This week in W.Va. history
The following events happened on these dates in West Virginia history. To read more, go to e-WV: The West Virginia Encyclopedia, a project of the West Virginia Humanities Council, at www.wvencyclopedia.org.
Feb. 10, 2010: Frederick Appleton ''Fred'' Schaus, West Virginia University basketball All-American, coach, and athletic director, died at the age of 84 in Morgantown. Schaus coached at WVU from 1954 to 1960, with a 146-37 record.
Feb. 11, 1903: Artist Grace Martin Taylor was born in Morgantown. In addition to producing an immense body of work in a variety of styles, Taylor enjoyed a lengthy career at the Mason College of Fine Arts and Music in Charleston.
Feb. 11, 1904: Clarence Watson Meadows was born in Beckley. His mother hoped he would become a Baptist minister, but he ultimately entered politics, becoming the 22nd governor of West Virginia.
Feb. 11, 1923: Eight members of the Black Hand were arrested in Harrison County. The Black Hand was the name and symbol of an underworld society of Italian immigrants that sought to extort money from other Italian immigrants.
Feb. 12, 1899: Karl Dewey Myers was born in Tucker County with severe birth defects. He never attended school, but he educated himself through persistent self-study. He was named the state's first poet laureate in 1927.
Feb. 13, 1800: General John Jay Jackson was born near Parkersburg. He served in the Seminole War as a member of Gen. Andrew Jackson's staff.
Feb. 13, 1913: Mother Jones was arrested in Charleston after helping union miners on Paint Creek and Cabin Creek.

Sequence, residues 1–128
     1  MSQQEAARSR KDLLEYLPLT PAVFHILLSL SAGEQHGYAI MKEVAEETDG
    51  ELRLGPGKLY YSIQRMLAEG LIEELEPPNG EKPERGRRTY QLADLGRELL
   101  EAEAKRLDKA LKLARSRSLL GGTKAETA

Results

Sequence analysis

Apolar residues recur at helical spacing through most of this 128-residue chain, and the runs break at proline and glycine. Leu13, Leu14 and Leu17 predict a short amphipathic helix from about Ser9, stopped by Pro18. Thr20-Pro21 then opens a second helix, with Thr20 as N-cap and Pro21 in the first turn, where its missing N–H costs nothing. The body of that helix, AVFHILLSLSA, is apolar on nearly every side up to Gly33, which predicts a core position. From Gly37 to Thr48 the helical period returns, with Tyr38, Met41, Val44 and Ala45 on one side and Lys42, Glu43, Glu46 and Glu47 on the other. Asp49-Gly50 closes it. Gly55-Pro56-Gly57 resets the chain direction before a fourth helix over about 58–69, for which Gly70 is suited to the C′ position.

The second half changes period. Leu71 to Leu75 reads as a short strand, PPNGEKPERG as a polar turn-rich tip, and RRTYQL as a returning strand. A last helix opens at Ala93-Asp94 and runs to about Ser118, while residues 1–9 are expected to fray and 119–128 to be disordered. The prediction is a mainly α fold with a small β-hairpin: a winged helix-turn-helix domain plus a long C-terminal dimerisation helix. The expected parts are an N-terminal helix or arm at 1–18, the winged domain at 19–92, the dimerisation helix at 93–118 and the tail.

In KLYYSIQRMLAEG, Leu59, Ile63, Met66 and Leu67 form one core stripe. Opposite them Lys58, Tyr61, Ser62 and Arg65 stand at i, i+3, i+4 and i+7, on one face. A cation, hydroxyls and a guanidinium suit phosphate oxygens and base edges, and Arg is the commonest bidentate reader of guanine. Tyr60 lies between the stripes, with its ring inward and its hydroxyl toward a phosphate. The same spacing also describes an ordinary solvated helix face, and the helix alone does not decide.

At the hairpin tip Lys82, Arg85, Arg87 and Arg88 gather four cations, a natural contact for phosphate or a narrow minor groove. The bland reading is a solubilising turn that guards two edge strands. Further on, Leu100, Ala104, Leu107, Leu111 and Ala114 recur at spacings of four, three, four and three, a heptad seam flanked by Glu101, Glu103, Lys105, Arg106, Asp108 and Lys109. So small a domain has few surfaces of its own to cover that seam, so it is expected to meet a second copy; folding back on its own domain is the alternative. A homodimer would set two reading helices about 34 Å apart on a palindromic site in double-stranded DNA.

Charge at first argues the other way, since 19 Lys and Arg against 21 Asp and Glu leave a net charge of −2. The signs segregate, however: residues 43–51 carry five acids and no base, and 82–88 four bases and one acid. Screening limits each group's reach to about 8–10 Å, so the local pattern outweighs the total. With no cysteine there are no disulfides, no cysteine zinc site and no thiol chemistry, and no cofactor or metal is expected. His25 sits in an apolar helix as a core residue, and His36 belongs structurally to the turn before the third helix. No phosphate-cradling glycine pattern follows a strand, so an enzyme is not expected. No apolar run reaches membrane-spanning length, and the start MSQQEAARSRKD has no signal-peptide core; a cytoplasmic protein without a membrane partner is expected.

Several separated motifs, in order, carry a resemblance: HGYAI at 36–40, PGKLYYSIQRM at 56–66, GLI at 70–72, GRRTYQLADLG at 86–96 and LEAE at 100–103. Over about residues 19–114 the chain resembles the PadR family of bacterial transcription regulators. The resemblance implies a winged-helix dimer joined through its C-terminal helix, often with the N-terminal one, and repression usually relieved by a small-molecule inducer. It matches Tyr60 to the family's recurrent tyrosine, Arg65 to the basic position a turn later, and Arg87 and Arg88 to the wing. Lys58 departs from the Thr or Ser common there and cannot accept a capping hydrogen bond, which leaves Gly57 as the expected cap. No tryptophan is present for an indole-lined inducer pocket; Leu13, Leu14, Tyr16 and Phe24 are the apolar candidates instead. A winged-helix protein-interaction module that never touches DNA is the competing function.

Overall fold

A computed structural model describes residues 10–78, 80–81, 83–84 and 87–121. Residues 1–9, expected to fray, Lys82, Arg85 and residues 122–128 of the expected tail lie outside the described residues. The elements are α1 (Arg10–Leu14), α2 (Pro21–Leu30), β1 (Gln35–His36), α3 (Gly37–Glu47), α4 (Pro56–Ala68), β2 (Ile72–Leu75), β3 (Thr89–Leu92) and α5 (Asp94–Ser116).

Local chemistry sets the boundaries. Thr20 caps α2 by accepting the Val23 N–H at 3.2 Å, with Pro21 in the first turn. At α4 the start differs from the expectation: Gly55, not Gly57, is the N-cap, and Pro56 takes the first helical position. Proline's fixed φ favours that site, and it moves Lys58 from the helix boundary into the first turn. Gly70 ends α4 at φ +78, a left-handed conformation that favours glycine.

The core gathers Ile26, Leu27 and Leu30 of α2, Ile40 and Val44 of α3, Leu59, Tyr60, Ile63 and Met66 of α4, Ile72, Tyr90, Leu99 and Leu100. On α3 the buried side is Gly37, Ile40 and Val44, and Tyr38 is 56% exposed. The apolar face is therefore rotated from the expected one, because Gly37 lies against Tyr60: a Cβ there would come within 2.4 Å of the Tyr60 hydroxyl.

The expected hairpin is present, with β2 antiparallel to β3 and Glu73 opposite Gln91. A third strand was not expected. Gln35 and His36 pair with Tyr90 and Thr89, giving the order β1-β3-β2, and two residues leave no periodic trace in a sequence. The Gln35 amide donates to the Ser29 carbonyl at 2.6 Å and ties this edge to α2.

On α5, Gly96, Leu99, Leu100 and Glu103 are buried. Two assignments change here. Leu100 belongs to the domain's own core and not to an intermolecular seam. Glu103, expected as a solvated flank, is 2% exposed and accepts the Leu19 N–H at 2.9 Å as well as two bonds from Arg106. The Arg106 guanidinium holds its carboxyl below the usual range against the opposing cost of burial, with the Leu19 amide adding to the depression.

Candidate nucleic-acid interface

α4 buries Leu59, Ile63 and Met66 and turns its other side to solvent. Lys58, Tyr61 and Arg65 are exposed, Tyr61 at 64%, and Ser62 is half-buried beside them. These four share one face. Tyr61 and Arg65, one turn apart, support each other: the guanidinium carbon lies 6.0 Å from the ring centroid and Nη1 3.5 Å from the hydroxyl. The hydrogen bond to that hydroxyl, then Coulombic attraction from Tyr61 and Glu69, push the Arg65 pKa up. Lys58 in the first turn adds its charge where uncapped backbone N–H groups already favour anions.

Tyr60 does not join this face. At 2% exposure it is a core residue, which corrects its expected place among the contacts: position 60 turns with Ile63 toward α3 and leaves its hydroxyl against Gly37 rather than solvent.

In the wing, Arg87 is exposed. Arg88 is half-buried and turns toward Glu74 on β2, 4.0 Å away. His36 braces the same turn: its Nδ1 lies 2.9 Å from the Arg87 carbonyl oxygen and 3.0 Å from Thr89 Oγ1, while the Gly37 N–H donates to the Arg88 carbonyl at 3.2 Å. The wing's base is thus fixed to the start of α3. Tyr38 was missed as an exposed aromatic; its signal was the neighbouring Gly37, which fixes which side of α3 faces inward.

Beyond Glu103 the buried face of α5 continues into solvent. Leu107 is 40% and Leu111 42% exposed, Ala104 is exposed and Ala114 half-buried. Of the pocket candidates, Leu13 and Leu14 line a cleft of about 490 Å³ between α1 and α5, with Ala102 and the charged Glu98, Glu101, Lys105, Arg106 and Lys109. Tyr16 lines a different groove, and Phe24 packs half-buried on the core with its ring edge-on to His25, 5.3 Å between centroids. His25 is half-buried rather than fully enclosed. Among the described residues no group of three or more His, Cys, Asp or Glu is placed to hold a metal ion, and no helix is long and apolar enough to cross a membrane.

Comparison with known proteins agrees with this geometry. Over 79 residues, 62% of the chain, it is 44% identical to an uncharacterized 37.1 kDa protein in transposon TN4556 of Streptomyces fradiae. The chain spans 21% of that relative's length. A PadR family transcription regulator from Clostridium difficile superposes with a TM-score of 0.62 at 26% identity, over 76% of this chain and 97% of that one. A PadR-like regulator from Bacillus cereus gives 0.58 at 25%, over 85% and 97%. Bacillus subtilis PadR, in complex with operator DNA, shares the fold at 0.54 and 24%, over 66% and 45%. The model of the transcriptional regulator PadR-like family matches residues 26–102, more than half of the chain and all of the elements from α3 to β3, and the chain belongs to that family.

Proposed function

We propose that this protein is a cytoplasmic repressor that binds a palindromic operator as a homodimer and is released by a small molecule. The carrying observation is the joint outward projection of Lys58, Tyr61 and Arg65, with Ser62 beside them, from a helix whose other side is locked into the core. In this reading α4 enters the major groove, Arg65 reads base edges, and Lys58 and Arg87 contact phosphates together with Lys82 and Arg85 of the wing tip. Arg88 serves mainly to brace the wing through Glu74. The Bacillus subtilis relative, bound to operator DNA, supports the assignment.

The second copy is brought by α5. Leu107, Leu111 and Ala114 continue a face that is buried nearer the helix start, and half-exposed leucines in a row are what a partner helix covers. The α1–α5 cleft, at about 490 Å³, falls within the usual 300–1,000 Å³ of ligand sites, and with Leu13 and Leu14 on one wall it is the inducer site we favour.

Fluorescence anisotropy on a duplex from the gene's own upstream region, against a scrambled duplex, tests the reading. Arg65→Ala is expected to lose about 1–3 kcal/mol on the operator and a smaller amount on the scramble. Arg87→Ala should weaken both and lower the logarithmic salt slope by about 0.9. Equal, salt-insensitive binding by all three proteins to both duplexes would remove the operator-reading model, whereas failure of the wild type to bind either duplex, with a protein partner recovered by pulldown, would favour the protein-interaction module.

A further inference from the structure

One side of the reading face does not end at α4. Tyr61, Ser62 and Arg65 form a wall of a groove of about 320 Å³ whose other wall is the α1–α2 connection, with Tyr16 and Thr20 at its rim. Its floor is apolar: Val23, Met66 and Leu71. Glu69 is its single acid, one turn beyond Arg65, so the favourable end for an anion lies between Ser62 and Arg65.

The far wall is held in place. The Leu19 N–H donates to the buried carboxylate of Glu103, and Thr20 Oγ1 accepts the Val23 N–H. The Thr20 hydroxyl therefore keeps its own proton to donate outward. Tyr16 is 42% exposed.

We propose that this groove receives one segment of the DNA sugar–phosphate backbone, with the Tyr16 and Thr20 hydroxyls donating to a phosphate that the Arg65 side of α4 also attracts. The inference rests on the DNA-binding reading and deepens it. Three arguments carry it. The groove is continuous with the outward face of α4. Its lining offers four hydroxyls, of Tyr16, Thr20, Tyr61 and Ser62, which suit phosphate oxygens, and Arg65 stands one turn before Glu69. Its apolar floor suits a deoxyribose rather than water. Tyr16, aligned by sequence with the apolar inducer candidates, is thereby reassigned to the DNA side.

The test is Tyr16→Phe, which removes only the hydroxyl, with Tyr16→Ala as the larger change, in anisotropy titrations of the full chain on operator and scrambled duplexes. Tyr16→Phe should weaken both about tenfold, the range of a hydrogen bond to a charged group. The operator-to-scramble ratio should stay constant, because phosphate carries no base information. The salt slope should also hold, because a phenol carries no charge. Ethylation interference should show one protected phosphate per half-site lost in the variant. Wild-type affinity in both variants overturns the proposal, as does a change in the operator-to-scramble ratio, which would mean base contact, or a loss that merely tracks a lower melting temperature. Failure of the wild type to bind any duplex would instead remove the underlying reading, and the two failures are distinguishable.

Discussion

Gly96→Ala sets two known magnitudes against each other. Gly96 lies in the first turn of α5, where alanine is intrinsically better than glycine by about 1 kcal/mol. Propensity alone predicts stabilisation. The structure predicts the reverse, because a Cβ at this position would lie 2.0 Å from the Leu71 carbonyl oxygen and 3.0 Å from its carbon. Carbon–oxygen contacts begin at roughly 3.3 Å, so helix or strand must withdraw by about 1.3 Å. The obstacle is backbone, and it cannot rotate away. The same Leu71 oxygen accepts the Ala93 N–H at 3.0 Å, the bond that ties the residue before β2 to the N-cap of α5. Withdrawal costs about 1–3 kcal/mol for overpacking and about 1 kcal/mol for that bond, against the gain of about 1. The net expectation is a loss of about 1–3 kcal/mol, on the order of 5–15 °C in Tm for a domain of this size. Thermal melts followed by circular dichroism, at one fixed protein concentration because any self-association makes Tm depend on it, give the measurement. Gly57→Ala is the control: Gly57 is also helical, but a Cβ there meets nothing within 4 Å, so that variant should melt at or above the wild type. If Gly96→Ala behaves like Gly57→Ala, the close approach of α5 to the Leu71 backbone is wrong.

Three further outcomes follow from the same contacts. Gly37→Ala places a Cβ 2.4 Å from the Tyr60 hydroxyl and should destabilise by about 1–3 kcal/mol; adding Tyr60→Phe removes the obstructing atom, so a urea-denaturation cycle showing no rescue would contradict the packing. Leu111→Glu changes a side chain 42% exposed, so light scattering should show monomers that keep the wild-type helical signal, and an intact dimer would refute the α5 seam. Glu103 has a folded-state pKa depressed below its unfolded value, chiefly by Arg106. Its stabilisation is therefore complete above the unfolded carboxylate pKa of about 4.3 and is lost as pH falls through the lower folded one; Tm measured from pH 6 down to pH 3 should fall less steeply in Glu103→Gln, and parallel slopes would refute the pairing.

Feb. 13, 1923: Chuck Yeager was born at Myra, about seven miles from Hamlin. On October 14, 1947, in a Bell X-1 rocket airplane dropped from a B-29 bomber, Yeager broke the sound barrier by flying 700 miles per hour.
Feb. 14, 1866: Grant County was created and named for Gen. Ulysses S. Grant, who later became the nation's 18th president.
Feb. 15, 1930: Sara Jane Moore was born in Charleston. On Sept. 22, 1975, Moore attempted to assassinate President Gerald Ford in San Francisco.
Feb. 15, 1975: Elizabeth Kee, the state's first female member of Congress, died in Bluefield. Kee was elected to Congress in 1951 after the death of her husband, John. She retired in 1964 and was replaced by her son, James.
Feb. 16, 1821: Morris Harvey was born near Prosperity in Raleigh County. Harvey's gifts to the Barboursville Seminary led to its name being changed to Morris Harvey College in 1901. The institution is now known as the University of Charleston.